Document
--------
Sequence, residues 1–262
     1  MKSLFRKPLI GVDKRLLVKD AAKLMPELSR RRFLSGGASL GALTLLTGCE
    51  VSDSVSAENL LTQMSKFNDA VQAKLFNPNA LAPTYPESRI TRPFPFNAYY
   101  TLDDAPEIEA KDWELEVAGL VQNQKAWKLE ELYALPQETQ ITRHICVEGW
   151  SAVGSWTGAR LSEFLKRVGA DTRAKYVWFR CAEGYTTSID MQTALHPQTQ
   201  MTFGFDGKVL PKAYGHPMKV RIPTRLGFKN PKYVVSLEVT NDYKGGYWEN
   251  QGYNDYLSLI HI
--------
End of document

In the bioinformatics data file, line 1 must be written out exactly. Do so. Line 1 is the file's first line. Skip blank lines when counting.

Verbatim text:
Sequence, residues 1–262